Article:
Fibroblast growth factor receptor (FGFR) signaling is a vital component of both embryonic and postnatal mammary gland development, which has prompted researchers to investigate both its relevance to breast cancer and its potential as a therapeutic target. Deregulated FGFR signaling during breast cancer occurs through various mechanisms, including amplification of the receptor genes, aberrant ligand expression, receptor mutations and translocations. Recent experimental outcomes involving both animal models and human breast cancer cell lines have led to the initiation of multiple early clinical trials investigating the safety and efficacy of small molecule FGFR inhibitors. In this article we review both the most recent discoveries and the need for further investigation of the mechanisms through which FGF/FGFR signaling has emerged as an oncogenic driver.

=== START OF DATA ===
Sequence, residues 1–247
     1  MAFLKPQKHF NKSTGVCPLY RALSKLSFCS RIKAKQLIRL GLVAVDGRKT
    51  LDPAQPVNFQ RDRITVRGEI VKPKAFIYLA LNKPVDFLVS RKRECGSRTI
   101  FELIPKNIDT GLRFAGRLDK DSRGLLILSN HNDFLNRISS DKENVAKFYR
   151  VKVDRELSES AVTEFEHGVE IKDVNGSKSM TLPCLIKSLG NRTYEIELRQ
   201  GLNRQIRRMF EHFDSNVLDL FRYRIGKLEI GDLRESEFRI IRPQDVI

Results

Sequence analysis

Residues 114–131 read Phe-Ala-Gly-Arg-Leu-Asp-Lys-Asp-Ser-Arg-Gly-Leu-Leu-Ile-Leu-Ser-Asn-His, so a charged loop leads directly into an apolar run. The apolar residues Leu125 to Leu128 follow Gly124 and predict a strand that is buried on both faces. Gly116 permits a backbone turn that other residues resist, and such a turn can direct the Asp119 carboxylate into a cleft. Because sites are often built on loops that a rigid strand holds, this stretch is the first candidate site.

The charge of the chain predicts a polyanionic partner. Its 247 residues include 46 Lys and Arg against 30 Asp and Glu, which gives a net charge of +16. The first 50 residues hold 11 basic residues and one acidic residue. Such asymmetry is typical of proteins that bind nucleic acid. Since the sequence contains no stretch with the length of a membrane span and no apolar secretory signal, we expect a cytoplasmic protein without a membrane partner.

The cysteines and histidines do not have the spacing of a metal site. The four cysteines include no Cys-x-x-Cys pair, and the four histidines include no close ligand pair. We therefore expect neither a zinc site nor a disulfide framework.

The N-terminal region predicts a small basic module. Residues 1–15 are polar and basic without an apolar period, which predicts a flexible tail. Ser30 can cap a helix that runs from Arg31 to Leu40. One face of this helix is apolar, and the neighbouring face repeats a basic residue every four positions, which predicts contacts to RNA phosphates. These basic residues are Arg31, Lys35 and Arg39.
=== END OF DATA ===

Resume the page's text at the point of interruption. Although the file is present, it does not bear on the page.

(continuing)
Keywords: Breast cancer; fibroblast growth factor; fibroblast growth factor receptor; mammary gland; receptor tyrosine kinase; targeted therapies.